3000AD (for Atmosfear #25)

Atmosfear #25

Atmosfear 25  


I welcome 3000AD on the pages of ATMOSFEAR. Bands from New Zealand do not often visit us. Let's get acquainted. Introduce your band. Where are you based, who plays in the band and when did you from?

Thank you for featuring us! We are from Christchurch, New Zealand which is also where we are primarily based. The band members are Hellmore Bones (drums/ lead vocals) Sam Pryor (Guitar and backing vocals) and Scott Austin (Bass and backing vocals). This reinvented version of the band has only been around for about 5 years but the members have been playing together in various bands since high school.

Did you play somewhere before 3000AD?

As mentioned we were in some other bands but they were more experiments than serious projects.

With a name like 3000AD, the group is definitely will not be lost in the crowd, but what is the meaning of this name?

That’s right, part of the reason we choose 3000AD as the band name was that it was quite different. We actually first wrote a song called 3000AD and eventually decided it was a good representation for the bands music as a whole. Our music is mostly set in a bleak dystopian future so the name fits that vibe quite well.

What are the five bands that most influenced the work of 3000AD?

I would say early Metallica, Slayer and Sepultura fused with The Misfits and Bad Religion.

What problems did you face while recording your debut album “The Void”?

It took a very long time to complete, the song development process was very lengthy. The recording was also quite drawn out so the biggest challenge was to keep focus over this long time period. I also broke my hand very badly at one point and was not sure if I would be able to play guitar again. But we got there in the end!

How satisfied are you with the result? Did it work out as planned?

Our mission objective from the start was ‘no compromise’ and that served us well I think because it turned out exactly as we wanted it to, even though it took some extra time to get there. We also had a lot of very talented people working on it at the mixing and mastering stage. Clint Murphy who produced some of my favorite metal albums and Sterling Sound who are pretty much the gold standard for mastering. The art by Eliran Kantor (Testament / Soulfly artist) is exceptional too, which competes the package.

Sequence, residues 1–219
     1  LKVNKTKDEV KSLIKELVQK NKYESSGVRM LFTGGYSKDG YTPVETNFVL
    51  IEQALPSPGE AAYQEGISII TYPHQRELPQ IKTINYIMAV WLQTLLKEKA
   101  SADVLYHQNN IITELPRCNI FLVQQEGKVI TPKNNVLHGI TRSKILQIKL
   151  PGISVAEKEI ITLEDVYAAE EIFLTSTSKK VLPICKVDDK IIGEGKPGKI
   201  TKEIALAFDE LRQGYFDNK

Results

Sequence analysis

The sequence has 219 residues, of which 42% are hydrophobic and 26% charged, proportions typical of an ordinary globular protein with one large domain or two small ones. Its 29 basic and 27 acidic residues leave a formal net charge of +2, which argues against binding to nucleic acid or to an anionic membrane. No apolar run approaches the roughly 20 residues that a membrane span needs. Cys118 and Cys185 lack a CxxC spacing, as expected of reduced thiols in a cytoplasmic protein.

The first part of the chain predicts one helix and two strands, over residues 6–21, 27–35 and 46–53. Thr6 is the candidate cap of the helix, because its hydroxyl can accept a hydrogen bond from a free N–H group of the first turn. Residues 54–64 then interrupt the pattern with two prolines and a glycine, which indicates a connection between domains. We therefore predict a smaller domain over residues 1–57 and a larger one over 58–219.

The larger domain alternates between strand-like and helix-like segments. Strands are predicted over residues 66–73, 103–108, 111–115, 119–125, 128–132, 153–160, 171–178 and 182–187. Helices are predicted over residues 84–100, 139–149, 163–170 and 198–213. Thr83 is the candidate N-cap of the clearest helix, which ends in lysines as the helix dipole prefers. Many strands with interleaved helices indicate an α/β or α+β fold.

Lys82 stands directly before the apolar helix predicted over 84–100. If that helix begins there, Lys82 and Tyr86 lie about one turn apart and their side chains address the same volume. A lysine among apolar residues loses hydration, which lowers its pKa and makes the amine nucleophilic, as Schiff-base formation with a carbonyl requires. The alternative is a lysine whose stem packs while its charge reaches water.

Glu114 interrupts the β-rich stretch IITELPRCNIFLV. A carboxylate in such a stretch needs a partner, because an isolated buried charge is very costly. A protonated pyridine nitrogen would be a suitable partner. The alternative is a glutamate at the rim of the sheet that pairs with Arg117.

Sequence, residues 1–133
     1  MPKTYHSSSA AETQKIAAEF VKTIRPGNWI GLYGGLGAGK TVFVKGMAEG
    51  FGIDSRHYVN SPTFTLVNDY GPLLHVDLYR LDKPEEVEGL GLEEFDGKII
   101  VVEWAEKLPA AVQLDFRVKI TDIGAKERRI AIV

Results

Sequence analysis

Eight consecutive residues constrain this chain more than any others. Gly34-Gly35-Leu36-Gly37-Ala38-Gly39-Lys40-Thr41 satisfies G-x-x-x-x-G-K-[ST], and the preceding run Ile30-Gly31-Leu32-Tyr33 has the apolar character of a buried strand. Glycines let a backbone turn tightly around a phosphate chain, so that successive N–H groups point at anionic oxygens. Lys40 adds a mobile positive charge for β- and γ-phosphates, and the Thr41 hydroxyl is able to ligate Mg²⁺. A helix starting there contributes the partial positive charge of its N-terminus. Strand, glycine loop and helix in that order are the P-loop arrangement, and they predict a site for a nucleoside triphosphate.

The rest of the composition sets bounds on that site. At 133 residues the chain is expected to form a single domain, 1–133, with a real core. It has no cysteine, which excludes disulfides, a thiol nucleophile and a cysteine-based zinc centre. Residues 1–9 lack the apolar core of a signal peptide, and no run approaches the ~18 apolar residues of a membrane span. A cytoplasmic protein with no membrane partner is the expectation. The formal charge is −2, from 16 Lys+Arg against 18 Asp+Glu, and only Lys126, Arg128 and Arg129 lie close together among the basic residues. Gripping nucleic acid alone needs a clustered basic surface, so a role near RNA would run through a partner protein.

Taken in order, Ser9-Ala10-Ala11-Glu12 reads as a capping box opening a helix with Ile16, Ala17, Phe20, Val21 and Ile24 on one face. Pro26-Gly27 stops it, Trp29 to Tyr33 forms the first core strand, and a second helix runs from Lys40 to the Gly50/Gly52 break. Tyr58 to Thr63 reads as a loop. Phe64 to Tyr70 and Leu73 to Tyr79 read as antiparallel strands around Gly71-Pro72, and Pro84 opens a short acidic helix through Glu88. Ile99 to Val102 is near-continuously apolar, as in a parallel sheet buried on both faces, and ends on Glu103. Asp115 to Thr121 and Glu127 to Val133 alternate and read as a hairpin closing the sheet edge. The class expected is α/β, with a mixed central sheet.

What is your lyrics about? What is music or lyrics primary for you?


The album became a sort of unintentional concept album actually. We had all these songs with this bleak dystopian theme as I previously mentioned. Then when we were deciding on the song order it all just seemed to fall in place, there was even a logical order to them that made sense in terms of the lyrical themes. For example, the start of the album paints the picture of this almost uninhabitable future earth and by the end, the planet is abandoned entirely.
Regarding what is primary, I think a good metal song always needs that strong riff or musical idea that everything else fits around. The lyrics of course are very important and we pride ourselves in being less generic in that domain. But realistically we spend 98% of our time on the music so I would say that is primary.

You found the publisher in the face of the powerful Ukrainian label Metal Scrap Records, but are there any New Zealand labels?

Yes are a few small local labels here, but for us it was all about pushing our music forward past the limited New Zealand scene. So Europe was a logical place to expand into and Metal Scrap Records have a wealth of experience in this market which was exactly what we were looking for.

Let's talk about the New Zealand scene. What bands from your places can you advise our readers and how often do you have concerts?

There’s a very underrated band here called Cobra Khan which I would say is a bit of a crossover band too. In my mind they are world class but metal does not get a lot of exposure in New Zealand. Check out the song ‘Graze the Earth’. We used to have quite a good local scene in Christchurch but the earthquake in 2011 destroyed most of the venues and a lot of the bands that were active at the time moved or disappeared.

Geographically, New Zealand is located very far from world music centers. Are you planning any concerts in support of your album in New Zealand itself and beyond?

We have played in New Zealand for many years so for now we are more interested in expanding out to new places. As you have alluded to it’s not exactly the place to be for metal.

The final question. What are you planning to do next?

Well we will be on tour in Eastern Europe this March / April supporting Necronomicon so it will be great to see how the new album goes down with a totally new audience. Also we have our album release on March 27 so look out for that!


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